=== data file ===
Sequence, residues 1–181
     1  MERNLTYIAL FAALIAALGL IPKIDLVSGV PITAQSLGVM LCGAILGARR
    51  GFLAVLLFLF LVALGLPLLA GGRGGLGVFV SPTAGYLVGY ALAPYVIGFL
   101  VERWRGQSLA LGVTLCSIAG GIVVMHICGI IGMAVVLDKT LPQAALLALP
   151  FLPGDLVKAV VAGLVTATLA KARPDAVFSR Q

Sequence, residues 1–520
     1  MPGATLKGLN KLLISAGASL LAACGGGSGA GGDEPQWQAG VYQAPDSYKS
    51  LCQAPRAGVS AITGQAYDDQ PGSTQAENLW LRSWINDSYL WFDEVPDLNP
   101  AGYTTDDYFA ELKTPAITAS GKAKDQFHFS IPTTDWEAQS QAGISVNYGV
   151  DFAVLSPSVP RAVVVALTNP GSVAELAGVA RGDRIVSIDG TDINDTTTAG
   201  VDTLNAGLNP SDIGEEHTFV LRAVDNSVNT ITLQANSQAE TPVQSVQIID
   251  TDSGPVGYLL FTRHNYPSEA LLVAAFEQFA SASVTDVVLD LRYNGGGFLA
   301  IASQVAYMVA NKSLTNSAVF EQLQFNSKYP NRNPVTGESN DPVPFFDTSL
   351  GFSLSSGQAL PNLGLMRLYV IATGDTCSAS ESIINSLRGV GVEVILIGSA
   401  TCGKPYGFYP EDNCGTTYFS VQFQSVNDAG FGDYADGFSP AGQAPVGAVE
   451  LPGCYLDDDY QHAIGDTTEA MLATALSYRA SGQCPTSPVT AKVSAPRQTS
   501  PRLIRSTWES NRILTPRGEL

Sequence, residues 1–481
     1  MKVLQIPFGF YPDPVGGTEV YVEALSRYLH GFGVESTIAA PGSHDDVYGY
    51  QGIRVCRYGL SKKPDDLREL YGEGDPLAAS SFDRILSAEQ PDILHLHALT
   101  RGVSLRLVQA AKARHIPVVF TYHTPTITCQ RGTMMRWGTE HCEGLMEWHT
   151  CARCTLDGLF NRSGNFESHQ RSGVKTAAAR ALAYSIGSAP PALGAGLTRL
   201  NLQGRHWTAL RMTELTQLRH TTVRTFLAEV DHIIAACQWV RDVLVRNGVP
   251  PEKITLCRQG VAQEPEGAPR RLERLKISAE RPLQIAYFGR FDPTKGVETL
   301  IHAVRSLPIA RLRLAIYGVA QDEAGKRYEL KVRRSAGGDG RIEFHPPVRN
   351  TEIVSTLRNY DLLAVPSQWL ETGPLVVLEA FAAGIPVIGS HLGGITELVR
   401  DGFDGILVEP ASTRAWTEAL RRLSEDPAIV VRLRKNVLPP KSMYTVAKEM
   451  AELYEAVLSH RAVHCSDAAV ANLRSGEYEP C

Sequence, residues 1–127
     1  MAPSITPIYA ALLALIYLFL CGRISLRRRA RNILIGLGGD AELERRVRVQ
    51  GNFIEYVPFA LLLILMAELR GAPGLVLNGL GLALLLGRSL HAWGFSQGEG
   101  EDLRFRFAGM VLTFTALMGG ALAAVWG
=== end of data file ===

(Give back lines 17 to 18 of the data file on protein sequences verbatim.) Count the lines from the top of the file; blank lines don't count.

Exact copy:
   501  PRLIRSTWES NRILTPRGEL

Sequence, residues 1–481